In late June, I reported that a federal court halted the implementation of a ban by the Food and Drug Administration (FDA) on the selling of Juul e-cigarettes.
Now the agency has temporarily suspended the ban, as it completes to review of the application.
The US Food and Drug Administration announced Tuesday that it temporarily stayed the marketing denial order it placed on Juul Labs for the company’s products in the US.
This means that Juul products will continue to stay on the market while the FDA considers “scientific issues unique to the JUUL application that warrant additional review.” The agency noted that it isn’t rescinding its order and that all vaping or nicotine-delivery products are still required to have FDA authorization to stay on the US market..
The company had requested that the FDA rescind the order.
Juul had separately asked the FDA to stay its own order pending an appeal.
Juul alleges that the FDA mishandled its application by overlooking more than 6,000 pages of data submitted to the agency. In court documents, the San Francisco-based company also accused the FDA of being influenced by political pressure rather than science when it implemented the ban.
The agency asserted it is merely following the science related to the health benefit vs risks associated with the Juul products.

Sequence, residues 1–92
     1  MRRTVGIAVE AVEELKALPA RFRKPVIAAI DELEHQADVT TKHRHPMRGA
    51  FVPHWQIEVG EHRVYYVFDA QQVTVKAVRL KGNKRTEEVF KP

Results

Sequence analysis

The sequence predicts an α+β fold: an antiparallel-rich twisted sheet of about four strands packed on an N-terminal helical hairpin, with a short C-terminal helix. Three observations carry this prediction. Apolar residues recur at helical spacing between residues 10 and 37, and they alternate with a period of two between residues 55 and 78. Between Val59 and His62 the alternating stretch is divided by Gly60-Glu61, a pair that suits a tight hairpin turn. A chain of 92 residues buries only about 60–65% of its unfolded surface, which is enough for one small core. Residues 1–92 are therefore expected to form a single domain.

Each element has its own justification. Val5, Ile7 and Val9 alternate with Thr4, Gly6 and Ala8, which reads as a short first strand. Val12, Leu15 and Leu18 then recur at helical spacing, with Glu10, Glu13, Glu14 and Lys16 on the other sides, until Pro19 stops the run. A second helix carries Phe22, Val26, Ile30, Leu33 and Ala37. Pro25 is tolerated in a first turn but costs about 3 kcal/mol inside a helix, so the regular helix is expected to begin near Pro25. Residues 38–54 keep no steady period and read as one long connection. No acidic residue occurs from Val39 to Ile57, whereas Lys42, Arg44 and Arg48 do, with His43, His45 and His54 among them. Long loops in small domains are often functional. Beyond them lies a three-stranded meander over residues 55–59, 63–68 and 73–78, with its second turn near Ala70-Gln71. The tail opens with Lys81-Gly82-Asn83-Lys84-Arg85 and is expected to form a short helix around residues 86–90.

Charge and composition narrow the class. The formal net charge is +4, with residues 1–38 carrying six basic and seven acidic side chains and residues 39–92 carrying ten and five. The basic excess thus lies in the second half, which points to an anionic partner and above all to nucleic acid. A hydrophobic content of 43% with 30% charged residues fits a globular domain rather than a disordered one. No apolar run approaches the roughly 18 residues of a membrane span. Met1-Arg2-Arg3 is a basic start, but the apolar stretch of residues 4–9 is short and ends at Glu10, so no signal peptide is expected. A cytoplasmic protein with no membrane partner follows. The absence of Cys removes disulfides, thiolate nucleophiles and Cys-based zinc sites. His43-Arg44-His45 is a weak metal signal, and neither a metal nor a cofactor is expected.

In a statement, the agency said that Juul’s applications to remain on the market “lacked evidence” to prove they would benefit public health and included “insufficient and conflicting data” about “potentially harmful chemicals leaching” from its e-liquid pods.
…The initial ban was celebrated by those who said the company should be held to account for luring teenagers to use its product with appealing mango and crème brûlée flavors and ads depicting young people. The F.D.A.’s decision was panned by those who pointed to e-cigarettes as a cessation alternative for millions of adult smokers who switched to the devices, which are widely credited with being less toxic than traditional cigarettes.
Vaping companies have been required to seek the F.D.A.’s authorization to sell their products, and many are going through that process now. The F.D.A. has said that it had approved a handful of vaping devices and denied more than a million applications.
Meanwhile, illegal opioids continue to be a bane for our nation, as evidenced by the recent seizure of over 200,000 fentanyl pills in Colorado.
State and federal authorities confiscated 200,000 fentanyl pills, 9.4 pounds of heroin, a kilogram of cocaine and multiple firearms in an operation they say culminated in one of the largest seizures of fentanyl pills in Colorado history.
The Drug Enforcement Agency and the 18th Judicial District Attorney’s Office announced the bust Wednesday in Centennial, saying eight people have been indicted on allegations they were smugglers and distributors in a drug trafficking organization that focused on methamphetamine, heroin and fentanyl, the deadly synthetic opioid.
…“In my opinion, bulk fentanyl quantities like this hold the caliber of weapons of mass destruction-type concern when we take into consideration the worst possible outcomes of this poison being pushed out in mass to our communities,” said Brian Besser, the special agent in charge of the DEA’s Denver Field Division. “The availability and accessibility of fake pills (laced with fentanyl) right now is absolutely staggering. They are available everywhere and can be obtained with little effort.”
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